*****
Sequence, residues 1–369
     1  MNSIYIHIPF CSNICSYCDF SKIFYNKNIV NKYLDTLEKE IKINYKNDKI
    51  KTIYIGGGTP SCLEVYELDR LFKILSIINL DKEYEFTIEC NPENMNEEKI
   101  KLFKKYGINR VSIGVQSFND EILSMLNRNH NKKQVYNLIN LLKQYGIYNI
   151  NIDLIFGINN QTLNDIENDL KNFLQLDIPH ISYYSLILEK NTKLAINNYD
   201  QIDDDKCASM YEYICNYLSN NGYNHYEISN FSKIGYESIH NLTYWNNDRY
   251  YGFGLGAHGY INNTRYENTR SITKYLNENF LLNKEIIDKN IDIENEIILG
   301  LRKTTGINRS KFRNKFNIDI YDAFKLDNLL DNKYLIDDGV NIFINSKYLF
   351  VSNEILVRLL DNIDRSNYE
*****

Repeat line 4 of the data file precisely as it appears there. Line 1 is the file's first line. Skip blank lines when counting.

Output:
   101  KLFKKYGINR VSIGVQSFND EILSMLNRNH NKKQVYNLIN LLKQYGIYNI